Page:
- Water quality degraded by industrial waste and the increased use of pesticides and fertilizers, and by its use for hydroelectric power
- Seasonal flooding which has been exacerbated by climate change. In 2021, house and schools were submerged and crops destroyed, displacing thousands of people, causing mudslides, and contaminating numerous water sources from the overflow of latrines
- Drought: alterations to the typical period of rainfall, also caused by climate change, has meant that previously decennial droughts now occur every year
- Deforestation: approximately 50 square kilometers of forest are lost each year. This overexploitation of resources is partly driven by the prevalence of poverty, which has led to trees being cut down for logging, charcoal burning, in order that land may be cultivated, or to clear space for illegal settling
- Soil erosion (which is aggravated by loss of trees)
- Littering and inadequate waste collection and disposal
- Domestic and industrial pollution
- Poaching: together with trophy hunting, this is one of the principal threats facing animals already endangered by habitat reduction. Law enforcement agencies use ‘green militarization’ to attempt to tackle illegal poaching, and public ivory burnings have been carried out as a deterrent since 1989 (making Kenya the first country to do this). However, the prevalence of illegal poaching derives from systemic failings: Kenyans living in poor conditions (largely as a result of the country’s colonial history) are alienated from conservation due to national parks having been built for European settlers, and may have few alternative ways to generate sufficient income.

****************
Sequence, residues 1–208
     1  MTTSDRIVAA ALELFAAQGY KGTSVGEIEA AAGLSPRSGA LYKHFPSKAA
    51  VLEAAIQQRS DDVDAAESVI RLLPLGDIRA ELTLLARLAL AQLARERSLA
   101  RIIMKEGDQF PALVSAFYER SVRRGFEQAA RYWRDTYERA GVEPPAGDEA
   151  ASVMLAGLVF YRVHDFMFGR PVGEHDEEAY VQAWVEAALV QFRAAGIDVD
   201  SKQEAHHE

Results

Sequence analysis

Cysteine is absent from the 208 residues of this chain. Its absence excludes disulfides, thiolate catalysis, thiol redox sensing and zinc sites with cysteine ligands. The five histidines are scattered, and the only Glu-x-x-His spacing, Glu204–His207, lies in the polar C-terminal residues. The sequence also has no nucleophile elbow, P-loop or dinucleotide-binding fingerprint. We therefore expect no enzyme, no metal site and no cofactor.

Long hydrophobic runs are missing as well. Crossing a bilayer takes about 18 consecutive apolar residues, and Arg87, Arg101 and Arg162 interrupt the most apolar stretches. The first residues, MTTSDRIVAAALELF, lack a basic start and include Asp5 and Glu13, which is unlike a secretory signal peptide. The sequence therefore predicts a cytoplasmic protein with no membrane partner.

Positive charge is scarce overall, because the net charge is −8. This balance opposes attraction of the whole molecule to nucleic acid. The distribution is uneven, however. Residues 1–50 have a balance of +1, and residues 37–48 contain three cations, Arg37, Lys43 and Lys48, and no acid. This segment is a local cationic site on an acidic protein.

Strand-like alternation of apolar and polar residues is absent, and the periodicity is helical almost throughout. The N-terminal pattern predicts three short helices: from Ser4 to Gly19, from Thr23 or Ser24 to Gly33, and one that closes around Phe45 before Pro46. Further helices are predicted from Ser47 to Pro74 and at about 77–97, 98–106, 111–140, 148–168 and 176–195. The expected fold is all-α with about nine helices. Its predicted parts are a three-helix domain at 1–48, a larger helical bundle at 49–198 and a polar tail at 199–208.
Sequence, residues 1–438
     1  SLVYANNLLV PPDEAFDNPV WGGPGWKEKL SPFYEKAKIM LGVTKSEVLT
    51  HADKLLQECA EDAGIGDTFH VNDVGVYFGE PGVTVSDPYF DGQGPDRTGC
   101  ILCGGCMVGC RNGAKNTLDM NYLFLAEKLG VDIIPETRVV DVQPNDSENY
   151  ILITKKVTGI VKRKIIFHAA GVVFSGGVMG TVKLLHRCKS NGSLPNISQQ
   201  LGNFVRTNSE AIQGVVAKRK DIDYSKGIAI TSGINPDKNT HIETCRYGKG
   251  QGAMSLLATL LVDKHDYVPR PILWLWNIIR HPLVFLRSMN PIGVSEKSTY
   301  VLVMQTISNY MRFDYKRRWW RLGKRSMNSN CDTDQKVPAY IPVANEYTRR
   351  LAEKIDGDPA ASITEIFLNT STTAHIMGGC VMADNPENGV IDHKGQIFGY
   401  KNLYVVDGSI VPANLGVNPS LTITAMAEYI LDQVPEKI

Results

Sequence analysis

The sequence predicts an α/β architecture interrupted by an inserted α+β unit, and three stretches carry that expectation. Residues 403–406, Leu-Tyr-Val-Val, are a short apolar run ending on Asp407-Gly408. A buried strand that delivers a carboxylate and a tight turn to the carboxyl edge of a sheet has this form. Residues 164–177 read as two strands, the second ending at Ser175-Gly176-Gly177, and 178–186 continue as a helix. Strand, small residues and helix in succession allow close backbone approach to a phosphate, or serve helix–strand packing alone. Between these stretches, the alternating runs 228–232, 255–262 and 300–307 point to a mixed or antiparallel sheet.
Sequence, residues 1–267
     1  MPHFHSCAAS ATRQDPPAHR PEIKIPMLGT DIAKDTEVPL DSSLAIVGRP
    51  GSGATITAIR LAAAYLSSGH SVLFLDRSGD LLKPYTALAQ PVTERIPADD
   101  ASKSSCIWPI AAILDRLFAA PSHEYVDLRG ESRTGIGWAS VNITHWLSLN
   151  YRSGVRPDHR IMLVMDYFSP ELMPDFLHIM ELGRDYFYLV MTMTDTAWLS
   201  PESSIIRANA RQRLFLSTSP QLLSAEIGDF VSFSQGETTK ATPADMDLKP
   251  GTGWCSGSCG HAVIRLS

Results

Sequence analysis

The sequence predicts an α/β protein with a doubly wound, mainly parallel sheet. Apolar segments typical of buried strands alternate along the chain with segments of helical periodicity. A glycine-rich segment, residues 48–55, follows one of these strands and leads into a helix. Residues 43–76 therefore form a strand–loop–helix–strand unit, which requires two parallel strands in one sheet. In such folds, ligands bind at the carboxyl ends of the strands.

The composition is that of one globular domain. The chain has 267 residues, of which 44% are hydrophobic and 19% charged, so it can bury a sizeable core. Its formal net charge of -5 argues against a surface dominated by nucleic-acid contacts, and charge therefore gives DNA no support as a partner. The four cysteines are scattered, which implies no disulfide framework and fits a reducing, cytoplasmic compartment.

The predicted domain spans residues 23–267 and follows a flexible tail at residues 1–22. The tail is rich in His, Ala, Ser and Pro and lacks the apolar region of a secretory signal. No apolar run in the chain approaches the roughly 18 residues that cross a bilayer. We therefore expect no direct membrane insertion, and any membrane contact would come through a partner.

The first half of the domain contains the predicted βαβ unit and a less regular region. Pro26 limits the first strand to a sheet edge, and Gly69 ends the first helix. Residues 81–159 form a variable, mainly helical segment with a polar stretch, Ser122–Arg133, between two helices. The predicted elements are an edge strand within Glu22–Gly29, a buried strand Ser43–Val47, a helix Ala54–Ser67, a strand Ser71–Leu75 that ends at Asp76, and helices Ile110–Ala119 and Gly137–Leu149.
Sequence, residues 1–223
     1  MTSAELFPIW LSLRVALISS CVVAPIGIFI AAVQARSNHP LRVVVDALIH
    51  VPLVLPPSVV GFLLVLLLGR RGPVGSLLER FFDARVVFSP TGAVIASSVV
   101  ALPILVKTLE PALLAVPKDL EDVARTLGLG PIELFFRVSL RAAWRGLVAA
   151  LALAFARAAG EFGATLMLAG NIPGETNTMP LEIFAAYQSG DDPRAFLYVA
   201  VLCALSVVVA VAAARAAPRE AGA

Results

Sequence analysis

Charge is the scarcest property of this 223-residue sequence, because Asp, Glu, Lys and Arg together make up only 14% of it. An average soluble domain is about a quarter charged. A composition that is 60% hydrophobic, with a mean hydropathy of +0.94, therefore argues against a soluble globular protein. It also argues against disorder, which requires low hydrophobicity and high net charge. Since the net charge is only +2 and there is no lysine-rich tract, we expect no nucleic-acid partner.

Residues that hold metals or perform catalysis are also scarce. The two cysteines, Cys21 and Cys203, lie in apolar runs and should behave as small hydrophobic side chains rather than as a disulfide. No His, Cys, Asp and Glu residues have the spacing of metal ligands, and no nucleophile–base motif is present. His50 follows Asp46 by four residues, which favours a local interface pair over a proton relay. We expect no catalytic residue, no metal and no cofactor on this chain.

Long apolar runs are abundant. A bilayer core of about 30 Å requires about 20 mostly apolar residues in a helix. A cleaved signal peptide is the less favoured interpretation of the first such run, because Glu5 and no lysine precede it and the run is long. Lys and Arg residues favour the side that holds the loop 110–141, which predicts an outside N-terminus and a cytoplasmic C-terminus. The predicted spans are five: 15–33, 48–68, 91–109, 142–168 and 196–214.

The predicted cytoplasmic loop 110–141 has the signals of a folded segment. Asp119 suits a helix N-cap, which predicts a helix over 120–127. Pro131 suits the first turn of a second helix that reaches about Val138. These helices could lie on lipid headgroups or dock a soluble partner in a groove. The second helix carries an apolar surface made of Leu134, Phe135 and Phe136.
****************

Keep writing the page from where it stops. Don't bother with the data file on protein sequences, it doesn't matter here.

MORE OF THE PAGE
Such a varied and substantial range of issues clearly necessitates a robust and committed response on multiple fronts, and that is what the following charities are providing:
Taking a bottom-up approach by establishing relationships with community leaders who are keen to protect and nurture local natural environments, ERF is able to help “communities to restore forests on a massive scale, thereby creating jobs, protecting ecosystems, and helping mitigate climate change”. Putting communities at the center of the organization’s practice generates long-term commitment to the reforestation process on the part of local people, something fired by the sense of ownership which ERF allows them to feel.